The Killing of Sister George, directed by Robert Aldrich, is a tense drama about an older woman TV star named George (Beryl Reid) who is going through a late midlife crisis.
George plays a friendly and wise bicycle riding sister of mercy on a popular TV show soap opera that always presents the world as simple and agreeable. But in real life George is a hard drinking, foul mouthed woman who is continually paranoid that she is about to be axed from her show.
Due to this, her home life - where she lives with a younger woman named Childie (Susannah York) - is very strained and often punctuated by George's drunken cruelty.
Based on a play by Frank Marcus the film has a stagey quality to it but the good acting by the main cast keeps it relatively involving. I say relatively because the film does play a bit slow and has the feel of a TV show at times. But it is also edgy in much the way that 1950's overwrought Hollywood dramas were and that keeps it lively if not somewhat predictable. It also has a sexual undercurrent that ends up stronger than anything Hollywood had every done prior to the late 1960's when it was released.
It seems that George is right, her days at the studio are numbered. And much to her chagrin her fate seems to be in the hands of a rather snobbish uptight studio executive named Mercy Croft (Coral Browne) who also takes a fancy to Childie; she offers Childie try outs at the BBC at the same time that she brings bad news to George.
Robert Aldrich, who also directed Kiss Me Deadly and The Dirty Dozen [thus showing his range] keeps the film lively and at times harsh. At time it reminded me a bit of Sunset Blvd but with dark British humor rather than Wilder's cynicism. And Beryl Reid gives as strong a performance in her own way as Gloria Swanson did.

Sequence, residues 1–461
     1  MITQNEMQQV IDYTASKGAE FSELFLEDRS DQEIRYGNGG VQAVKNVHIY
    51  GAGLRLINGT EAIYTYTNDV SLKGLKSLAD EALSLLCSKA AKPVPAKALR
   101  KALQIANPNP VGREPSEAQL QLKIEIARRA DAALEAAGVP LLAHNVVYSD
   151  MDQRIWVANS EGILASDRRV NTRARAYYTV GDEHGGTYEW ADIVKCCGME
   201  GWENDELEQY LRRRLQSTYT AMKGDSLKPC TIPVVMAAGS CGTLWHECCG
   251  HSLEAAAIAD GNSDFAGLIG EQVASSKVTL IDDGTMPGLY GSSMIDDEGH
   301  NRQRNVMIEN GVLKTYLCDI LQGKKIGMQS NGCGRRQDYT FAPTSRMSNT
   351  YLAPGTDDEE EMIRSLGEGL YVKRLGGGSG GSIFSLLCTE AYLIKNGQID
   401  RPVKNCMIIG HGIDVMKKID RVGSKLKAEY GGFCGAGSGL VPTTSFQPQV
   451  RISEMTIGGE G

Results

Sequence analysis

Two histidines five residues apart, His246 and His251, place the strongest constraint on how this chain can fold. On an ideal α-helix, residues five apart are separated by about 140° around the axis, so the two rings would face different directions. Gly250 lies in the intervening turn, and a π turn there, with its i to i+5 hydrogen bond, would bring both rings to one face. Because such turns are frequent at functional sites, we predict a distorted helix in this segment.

Of note The Killing of Sister George was one of the first major lesbian films released in the United States. But it didn't do that well at the box office.
There is one erotic and somewhat creepy sex scene between Susannah York's and Coral Browne's characters that landed the film an X rating. At the time it caused a bit of a stir. The New York Times critics wrote that it: "sets a special kind of low in the treatment of sex—any kind of sex—in the movies now." By today's standards, however, while it is still provocative and odd it would most likely garner the film an R rating.
The DVD is presented 1.78:1 16 x 9 widescreen. The image looks like a 1960's film [which it is] with somewhat drab colors and a soft grainy image.
Audio is presented in mono. The film is all dialogue with a minor musical soundtrack. There are English, French and Spanish subtitles.
There are no extras.
The Killing of Sister George is a disturbing, funny and sometime harsh stage drama brought to the big screen by Robert Aldrich. Primarily about an aging women at the end of her career it is also a lesbian drama, without being necessarily provocative. The DVD has no extras whatsoever but it looks and sounds good.